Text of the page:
Newsboys and the child-biting bellows
U 7.966-9: — Telegraph! Racing special! […]
A newsboy cried in Mr Bloom’s face:
— Terrible tragedy in Rathmines! A child bit by a bellows!
Newsboys were a characteristic feature of Joyce’s Dublin, ill-kempt street urchins bumping up against the respectable citizenry in their attempts to hawk the various editions of the Freeman’s Journal, the Penny Journal, the special editions, the racing press. They make Bloom rather uncomfortable, mocking him as he leaves the newspaper offices in Aeolus to look for Alexander Keyes:
The Dublin newspapers relied on newsboys to sell the news on the street, and the newsboys themselves enjoyed something of a mythological status in the city. Readers of Ulysses have been perplexed by the fact that some of the headlines shouted by the newsboys are nonsensical. Was there really a newspaper that traded on a story about “a child bit by a bellows” in residential Rathmines? Did any of the Dublin papers announce a “sea serpent in the royal canal”?
Brandon Kershner notes that on page 3 of the Dublin Evening Telegraph for 13 June 1904, just before Bloomsday, we may find the sad headline “Child Drowned in a Bath at Rathmines”.2 Perhaps this informed Joyce’s headline, but there is a more solid source.
The Irish Independent for Thursday 16 January 1908 published a long article by “Dominic Dovetail” on Dublin street urchins. There can be very little doubt that Joyce saw this story. The writer, who contributed occasional articles on Dublin life to the paper at this time, is very much in favour of seeing the best in the street urchin, who is typically “regarded by some very respectable persons as a noisy animal, whose sole object in life is to annoy very respectable persons”. If the respectable person was to enquire a little further, we are told:3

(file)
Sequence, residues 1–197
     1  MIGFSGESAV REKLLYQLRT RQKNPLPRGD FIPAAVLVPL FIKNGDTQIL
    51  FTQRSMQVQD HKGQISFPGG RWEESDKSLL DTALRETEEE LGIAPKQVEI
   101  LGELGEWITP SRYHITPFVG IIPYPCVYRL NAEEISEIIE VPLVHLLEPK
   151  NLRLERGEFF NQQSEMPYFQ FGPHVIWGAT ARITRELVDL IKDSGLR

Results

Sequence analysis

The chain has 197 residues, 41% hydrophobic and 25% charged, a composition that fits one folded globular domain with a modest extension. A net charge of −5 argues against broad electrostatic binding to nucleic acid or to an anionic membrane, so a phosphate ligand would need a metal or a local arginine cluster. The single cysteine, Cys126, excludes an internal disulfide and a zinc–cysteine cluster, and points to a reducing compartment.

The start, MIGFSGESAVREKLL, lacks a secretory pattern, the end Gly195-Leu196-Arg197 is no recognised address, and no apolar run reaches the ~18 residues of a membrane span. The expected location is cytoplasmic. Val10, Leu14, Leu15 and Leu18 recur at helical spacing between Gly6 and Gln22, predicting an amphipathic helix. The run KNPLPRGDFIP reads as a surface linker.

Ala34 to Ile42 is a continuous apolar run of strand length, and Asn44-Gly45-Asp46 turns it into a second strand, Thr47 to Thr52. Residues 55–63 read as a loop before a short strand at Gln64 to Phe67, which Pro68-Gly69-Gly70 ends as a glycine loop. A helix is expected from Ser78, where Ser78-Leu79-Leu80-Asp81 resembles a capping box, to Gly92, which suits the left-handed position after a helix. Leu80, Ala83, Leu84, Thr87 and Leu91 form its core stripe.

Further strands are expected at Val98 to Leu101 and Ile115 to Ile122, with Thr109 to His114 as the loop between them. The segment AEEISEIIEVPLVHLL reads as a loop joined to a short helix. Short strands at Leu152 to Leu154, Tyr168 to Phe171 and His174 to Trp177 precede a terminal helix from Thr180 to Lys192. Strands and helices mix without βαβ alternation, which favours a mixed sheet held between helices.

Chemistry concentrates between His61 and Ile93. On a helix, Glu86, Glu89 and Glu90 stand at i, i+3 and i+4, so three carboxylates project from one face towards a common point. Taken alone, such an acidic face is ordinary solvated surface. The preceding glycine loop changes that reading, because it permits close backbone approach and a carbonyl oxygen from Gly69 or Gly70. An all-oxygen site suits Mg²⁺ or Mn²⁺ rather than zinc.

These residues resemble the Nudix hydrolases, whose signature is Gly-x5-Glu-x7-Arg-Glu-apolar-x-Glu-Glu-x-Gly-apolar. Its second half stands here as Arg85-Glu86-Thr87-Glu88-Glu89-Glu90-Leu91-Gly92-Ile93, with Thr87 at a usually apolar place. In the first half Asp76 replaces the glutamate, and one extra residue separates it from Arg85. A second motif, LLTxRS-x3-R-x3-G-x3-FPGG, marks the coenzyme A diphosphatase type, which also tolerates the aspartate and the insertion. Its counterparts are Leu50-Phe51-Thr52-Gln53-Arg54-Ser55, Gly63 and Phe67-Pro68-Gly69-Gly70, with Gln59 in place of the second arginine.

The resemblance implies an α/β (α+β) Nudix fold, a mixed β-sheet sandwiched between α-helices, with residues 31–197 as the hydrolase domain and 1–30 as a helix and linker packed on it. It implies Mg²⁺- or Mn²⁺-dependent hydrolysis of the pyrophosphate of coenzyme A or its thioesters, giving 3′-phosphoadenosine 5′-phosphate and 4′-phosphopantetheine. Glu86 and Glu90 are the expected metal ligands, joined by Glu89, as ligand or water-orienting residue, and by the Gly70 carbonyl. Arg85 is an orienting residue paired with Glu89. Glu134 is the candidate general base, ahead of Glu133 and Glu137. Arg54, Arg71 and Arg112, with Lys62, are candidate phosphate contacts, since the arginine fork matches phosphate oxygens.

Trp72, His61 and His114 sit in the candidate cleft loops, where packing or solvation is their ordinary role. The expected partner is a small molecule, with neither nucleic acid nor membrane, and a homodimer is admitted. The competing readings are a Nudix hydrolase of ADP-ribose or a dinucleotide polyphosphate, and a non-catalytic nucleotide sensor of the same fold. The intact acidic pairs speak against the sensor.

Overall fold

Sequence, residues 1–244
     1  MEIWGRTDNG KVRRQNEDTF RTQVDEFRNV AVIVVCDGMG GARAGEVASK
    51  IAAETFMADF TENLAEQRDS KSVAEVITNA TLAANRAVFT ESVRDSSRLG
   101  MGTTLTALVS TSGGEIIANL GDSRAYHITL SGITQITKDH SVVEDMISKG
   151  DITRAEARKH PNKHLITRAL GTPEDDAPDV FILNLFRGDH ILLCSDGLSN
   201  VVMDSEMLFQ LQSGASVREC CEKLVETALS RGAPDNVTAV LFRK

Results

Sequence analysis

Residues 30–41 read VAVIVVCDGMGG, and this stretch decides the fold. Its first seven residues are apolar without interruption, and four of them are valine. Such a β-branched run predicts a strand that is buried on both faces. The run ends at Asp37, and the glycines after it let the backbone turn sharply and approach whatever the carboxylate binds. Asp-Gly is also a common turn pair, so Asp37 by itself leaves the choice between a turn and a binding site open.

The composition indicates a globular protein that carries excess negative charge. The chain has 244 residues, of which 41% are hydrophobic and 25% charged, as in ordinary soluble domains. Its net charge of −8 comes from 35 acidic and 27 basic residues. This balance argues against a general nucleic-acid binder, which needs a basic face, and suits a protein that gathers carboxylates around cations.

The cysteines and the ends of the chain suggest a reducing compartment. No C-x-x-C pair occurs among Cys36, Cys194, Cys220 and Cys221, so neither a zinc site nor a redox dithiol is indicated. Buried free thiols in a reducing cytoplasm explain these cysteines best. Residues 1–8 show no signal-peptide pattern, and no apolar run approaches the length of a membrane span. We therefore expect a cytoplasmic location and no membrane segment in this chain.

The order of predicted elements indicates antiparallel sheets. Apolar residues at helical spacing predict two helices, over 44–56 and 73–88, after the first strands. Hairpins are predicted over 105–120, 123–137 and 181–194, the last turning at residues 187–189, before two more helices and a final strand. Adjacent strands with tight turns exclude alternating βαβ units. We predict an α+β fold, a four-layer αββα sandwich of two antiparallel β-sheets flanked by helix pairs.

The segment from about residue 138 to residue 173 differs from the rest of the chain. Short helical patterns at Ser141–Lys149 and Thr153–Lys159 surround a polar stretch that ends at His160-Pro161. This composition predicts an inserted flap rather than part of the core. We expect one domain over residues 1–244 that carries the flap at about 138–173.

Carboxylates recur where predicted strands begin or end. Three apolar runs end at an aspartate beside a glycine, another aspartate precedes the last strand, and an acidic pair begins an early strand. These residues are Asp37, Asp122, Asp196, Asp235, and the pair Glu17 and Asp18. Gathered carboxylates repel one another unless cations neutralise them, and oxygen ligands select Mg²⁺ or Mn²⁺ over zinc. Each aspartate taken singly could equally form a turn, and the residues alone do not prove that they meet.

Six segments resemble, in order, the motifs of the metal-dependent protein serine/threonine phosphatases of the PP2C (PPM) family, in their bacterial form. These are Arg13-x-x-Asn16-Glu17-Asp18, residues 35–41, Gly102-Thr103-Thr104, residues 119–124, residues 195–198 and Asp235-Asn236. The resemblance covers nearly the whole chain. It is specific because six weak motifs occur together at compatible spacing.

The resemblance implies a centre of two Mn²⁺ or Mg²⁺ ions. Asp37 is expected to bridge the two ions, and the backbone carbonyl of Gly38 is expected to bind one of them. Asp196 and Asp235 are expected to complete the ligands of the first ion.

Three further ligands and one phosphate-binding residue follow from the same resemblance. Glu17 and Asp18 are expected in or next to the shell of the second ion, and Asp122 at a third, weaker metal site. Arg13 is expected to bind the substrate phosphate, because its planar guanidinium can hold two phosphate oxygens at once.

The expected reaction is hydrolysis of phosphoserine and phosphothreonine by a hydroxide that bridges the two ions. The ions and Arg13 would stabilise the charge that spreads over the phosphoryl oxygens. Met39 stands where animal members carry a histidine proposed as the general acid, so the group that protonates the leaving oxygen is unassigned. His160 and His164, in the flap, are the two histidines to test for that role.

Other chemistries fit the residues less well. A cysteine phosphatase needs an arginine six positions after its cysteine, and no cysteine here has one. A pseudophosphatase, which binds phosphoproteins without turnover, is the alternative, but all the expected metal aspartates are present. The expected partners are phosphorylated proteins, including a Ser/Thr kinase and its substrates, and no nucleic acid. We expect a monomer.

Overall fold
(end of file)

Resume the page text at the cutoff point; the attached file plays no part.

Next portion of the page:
These latter-day artful dodgers can be trusted, according to Dominic Dovetail, to mind your bicycle for a while (for a small consideration), and they are also often seen selling matches, if they do not have access to the more profitable newspapers.
Rushing back to the Telegraph
office in Middle Abbey Street to confront the editor with news about Keyes’s ad
Bloom is “caught in a whirl of wild newsboys”. The Irish Independent describes the typical situation:
Bloom feels jostled and uncomfortable – not in control. Then the journalist notes, in passing, that:
On reflection, this is true of Ulysses. The newsboys yell the names of newspapers, or the type of edition (“Racing special”), but Joyce does not have them shout realistic news items.
But he was clearly struck by the next statement in the Irish Independent piece:
On the face of it, this is an extraordinary statement of newsboy practice, but there would doubtless be an attraction in grabbing the attention of a passer-by, and perhaps even demonstrating the chirpy, Cockneyesque character of the street urchin, by throwing humour into the mix.
Later on in Ulysses we find Joyce offering just such imaginary news items in a dreamscape environment:
This practice on the part of the young newsvendors would helpfully account for the apparent ridiculousness of these “headlines”.
The Irish Independent in 1908 offers two instances of manufactured headlines, one of which made it into Ulysses:
Not a real headline, but one manufactured in an attempt to sell newspapers and carefully filed away by Joyce for use in his novel ten years later: one more element in his carefully constructed web of “windy” references for the episode called Aeolus.
See the article Stealing
Joyce's Allusions >